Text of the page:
The 2017 Victoria’s Secret fashion show in Shanghai supplied Chinese social media with a multitude of trending topics. Given that the brand doesn’t open any flagship store in China until February 2018, this late-bloomer can be inspiring for many international brands. After all, neither Google nor Facebook is a success story in this much-coveted market.
As a linguist who often works on website localization projects, I cannot help but notice that the English copy on the brand’s US site is quite different from the Chinese one on its Tmall store. Overall, the brand voice for Victoria’s Secret in China is much more “modest” compared to its English source.
If you were to read and compare the product descriptions, you will soon realize that the same product is presented with drastically different wordings. So much so that you may argue it’s more of a transcreation rather than a translation. This deliberate departure from the literal approach is what I think is worth sharing as best practices for Chinese localization in general.
China introduced its amended advertising law back in 2015, and many businesses scrambled to overhaul their branding strategy to comply with the ban on superlative usage. That means using words such as “national-level,” “the most” or “the best” in Chinese advertising campaigns could lead to a fine starting at $30,000. According to the Beijing government, fines totaled around $60 million as of September 2016 for breaching the new regulations, which feature many other prohibitions as well.
The impact of this new regulation on the Chinese advertising industry is hard to ignore, but if you are thinking about localizing your marketing content for China, a good strategy to share with your translation team would be to tread carefully. Their work will need to transform often-boastful language into Chinese copy that’s market-ready. What exactly does that mean?
Superlatives are a big no-no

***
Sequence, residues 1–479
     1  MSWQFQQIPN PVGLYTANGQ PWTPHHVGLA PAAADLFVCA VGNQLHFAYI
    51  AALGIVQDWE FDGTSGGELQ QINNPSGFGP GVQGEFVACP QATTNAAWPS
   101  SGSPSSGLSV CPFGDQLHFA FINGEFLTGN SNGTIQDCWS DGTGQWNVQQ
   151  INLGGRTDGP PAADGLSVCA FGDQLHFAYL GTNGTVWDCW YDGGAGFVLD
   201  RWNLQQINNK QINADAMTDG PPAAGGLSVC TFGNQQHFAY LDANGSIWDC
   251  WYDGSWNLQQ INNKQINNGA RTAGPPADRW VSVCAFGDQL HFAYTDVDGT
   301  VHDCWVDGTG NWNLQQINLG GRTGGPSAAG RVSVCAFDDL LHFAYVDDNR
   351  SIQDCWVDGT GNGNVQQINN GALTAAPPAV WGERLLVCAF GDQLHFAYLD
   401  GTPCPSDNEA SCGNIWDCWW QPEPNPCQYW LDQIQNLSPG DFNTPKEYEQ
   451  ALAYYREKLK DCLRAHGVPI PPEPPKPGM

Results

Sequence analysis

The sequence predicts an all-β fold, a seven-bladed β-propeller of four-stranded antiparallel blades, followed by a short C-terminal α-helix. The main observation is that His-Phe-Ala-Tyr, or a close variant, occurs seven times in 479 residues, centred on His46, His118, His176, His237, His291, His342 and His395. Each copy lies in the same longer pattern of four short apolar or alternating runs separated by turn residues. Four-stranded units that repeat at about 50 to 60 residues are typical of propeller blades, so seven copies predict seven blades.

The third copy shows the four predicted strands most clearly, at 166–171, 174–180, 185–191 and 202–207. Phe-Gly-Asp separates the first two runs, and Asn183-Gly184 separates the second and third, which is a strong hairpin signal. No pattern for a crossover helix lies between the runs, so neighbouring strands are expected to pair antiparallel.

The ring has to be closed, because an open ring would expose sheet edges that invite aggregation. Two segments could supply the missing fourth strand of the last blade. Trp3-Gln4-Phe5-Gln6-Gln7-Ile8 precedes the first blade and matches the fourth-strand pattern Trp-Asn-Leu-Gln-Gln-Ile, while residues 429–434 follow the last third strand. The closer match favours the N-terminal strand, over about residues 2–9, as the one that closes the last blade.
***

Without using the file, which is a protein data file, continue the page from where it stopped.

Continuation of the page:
While the law doesn’t provide an exhaustive list on what not to use, much effort has already been made on compiling potentially “troublesome” adjectives. This glossary of superlatives and prohibited terms is readily available online if you search for 极限词（违禁词）汇总 in Chinese. The checklist covers a much wider range of adjectives than just the typical superlatives.
Obviously descriptive language that contains the character 最 (which is similar to “the most”) are an easy trap to avoid, but that’s only part of the puzzle. Languages that carry meanings associated with supreme, extreme or number one also falls under the no-no category for being potentially misleading or fraudulent. So are any other claims that cannot be objectively quantified or supported by hard evidence.
Omission is your long-lost best friend
For example, among the product descriptions for Victoria’s Secret sportswear, on the US site I found sentences like “the best gets better,” “the world’s #1 bra brand has created the world’s best sport bra” and “your favorite maximum-support sport bra.” Literal translation of the messages would not work due to the reasons stated above. Therefore, as counter-intuitive as it may seem to be, omission is a necessary Chinese localization strategy.
In addition to the many adjectives that you need to watch out for, noun phrases such as “Body-Wick fabric” and “breathable padding” that refer to the brand’s proprietary functionality cannot be rendered literally either if they are not officially patented in China.
In the example to the right, you see a side-by-side comparison of a product that is quintessential to the brand image. The product name “Add-2-Cups Push-Up Bra” are paraphrased to circumvent mentioning measurable results, which cannot be guaranteed and thus are potentially misleading.
The key takeaway is, if your brand is also aiming for the Chinese market, you’ll be well advised to follow the lead of Victoria’s Secret, taking out the “padding” in the language of your product descriptions.